It is no secret that the COVID-19 pandemic has wreaked havoc on small- and medium-sized businesses across New Jersey over the past several months, but as these businesses attempt to recover and transition into a new normal, the work for many is just getting started.
Deborah K. Smarth, chief operating officer and associate state director of America’s Small Business Development Centers, New Jersey (NJSBDC), an organization that is part of a national network which provides comprehensive assistance to small- and medium-sized businesses, recalls what she describes as an onslaught of people coming to the organization in desperate need.
“I heard the stories of human toll,” Smarth says. “People talking about their businesses that they started from scratch years ago, and the toll and the desperation in their voices: ‘Please help us, please help me,’ we heard it all.”
The sheer number of small businesses that were seeking any sort of assistance and guidance shortly after the onset of the pandemic and the subsequent restrictions to help stem its spread, was staggering.
Smarth says that during a typical federal fiscal year, in this case from October 1, 2018 to September 30, 2019, NJSBDC provided 5,083 business clients with one-on-one counselling.
“From March 1, 2020 to May 5, 2020 alone, we had approximately 2,830 clients coming to us for one-on-one counselling, which is about 27% more clients than in the same time period last year,” she says.
Additionally, from March 1 to May 5 of this year, NJSBDC completed approximately 4,570 counselling hours, or 31% more than the average year.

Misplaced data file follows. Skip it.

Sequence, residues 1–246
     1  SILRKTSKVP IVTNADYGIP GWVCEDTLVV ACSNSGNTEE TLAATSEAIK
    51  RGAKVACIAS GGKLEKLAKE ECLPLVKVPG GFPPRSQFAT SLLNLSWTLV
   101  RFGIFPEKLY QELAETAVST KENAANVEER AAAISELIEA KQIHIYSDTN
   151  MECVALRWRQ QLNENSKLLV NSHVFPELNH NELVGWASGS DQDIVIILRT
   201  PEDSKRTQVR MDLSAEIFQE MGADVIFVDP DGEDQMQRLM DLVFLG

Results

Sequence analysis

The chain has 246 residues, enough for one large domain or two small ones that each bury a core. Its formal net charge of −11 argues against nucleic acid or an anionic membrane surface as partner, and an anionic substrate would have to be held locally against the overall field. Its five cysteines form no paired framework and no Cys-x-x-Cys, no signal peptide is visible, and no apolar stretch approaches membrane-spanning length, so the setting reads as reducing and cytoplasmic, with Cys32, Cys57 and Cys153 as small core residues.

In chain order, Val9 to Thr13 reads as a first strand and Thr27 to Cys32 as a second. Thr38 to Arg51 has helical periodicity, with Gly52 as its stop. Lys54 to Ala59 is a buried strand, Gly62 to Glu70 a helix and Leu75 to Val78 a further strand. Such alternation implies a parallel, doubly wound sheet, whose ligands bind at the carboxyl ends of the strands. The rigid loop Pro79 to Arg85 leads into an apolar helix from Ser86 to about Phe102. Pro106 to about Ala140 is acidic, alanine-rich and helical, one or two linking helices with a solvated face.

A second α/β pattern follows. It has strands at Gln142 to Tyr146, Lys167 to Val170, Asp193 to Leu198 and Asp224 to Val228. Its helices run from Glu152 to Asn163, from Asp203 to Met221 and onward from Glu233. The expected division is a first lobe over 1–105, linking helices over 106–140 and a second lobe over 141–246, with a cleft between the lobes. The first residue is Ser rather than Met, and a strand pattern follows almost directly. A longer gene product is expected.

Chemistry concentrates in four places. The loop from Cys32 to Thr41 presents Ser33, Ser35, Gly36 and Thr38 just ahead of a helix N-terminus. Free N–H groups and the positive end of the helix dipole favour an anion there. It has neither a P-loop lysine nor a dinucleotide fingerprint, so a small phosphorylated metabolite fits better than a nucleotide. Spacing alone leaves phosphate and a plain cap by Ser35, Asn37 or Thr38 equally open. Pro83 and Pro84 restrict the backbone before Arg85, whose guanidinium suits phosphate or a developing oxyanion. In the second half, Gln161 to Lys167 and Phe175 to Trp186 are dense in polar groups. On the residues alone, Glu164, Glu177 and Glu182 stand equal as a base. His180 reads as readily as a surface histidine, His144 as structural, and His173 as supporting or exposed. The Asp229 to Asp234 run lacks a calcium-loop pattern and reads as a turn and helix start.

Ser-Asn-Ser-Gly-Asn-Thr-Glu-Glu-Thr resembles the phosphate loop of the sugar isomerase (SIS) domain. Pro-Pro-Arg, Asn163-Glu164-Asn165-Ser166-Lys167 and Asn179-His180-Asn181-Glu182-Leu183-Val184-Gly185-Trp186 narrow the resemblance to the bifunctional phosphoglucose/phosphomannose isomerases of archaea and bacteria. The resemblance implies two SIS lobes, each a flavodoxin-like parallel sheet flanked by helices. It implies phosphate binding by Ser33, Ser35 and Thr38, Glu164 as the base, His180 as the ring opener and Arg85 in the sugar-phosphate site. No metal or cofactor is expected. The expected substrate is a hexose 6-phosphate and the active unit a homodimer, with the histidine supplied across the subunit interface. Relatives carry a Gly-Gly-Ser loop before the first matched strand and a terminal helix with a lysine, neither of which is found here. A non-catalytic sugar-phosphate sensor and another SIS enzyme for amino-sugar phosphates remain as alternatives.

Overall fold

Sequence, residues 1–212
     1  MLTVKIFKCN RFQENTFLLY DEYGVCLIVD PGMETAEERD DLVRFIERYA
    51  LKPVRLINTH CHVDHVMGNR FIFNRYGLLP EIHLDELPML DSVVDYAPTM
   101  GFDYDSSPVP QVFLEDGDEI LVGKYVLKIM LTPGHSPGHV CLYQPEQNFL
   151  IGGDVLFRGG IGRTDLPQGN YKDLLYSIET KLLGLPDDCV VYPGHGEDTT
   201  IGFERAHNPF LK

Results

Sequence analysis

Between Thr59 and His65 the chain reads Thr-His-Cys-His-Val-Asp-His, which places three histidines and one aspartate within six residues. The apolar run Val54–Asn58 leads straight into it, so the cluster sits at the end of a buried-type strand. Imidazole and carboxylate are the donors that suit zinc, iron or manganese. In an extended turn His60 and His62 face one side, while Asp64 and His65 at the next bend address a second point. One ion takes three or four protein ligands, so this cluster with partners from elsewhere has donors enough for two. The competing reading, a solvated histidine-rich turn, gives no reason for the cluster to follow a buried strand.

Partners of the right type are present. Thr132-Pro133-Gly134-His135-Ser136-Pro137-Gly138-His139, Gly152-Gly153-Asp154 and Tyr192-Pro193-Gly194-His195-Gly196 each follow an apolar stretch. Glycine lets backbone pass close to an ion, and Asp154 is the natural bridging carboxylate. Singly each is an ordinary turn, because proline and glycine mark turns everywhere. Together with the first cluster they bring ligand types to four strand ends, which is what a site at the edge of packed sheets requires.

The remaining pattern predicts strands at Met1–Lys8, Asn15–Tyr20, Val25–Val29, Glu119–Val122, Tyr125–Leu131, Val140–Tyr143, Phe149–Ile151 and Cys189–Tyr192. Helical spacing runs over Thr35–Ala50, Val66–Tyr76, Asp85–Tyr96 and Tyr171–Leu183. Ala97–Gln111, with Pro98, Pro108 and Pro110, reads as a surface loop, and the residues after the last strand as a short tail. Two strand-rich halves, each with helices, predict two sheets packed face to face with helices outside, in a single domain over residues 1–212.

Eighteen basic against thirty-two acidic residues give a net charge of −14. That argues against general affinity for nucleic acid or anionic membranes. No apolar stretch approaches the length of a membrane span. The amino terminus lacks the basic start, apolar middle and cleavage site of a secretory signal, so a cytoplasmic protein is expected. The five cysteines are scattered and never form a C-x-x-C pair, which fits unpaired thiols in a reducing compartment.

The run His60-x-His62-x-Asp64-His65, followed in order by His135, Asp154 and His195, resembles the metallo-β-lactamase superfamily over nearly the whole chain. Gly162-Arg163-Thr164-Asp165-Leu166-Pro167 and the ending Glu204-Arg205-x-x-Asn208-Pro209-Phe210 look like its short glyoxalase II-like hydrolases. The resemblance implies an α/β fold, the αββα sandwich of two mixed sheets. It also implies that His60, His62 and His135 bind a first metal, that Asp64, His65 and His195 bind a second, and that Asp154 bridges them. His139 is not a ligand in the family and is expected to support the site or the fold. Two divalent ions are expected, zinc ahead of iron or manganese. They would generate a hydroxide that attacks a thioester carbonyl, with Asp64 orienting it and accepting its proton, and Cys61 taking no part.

“It was such an overwhelming tremendous impact on our network which is already very lean,” Smarth says.
“The NJSBDC is a place that aligns with the human touch of business,” says Vincent Vicari, regional director, NJSBDC at Ramapo College of New Jersey. “The phone calls we received were the hands of the entrepreneur reaching up and saying, ‘Pull me out of this. What is out there that I can stand on?’
“[In order to reopen, these businesses must] have a succinct strategy with plans that work for them,” Vicari says, adding that the NJSBDC is a resource to help companies transform their business plans to be successful on the road to reopening, and as they eventually enter into a stage of resiliency.
Smarth explains that while no one has total control over the economic outcome that will unfold in the future, NJSBDC can help mitigate the risk for business operations through customized one-on-one counselling for each individual business, and helping businesses navigate various loan applications, such as the Economic Injury Disaster Assistance Loan or the Paycheck Protection Program, for example.
“We can give businesses all the guidance in the world, but ultimately the consumers drive the economy. Therefore the economic security of individuals is very important in driving this recovery,” Smarth adds.
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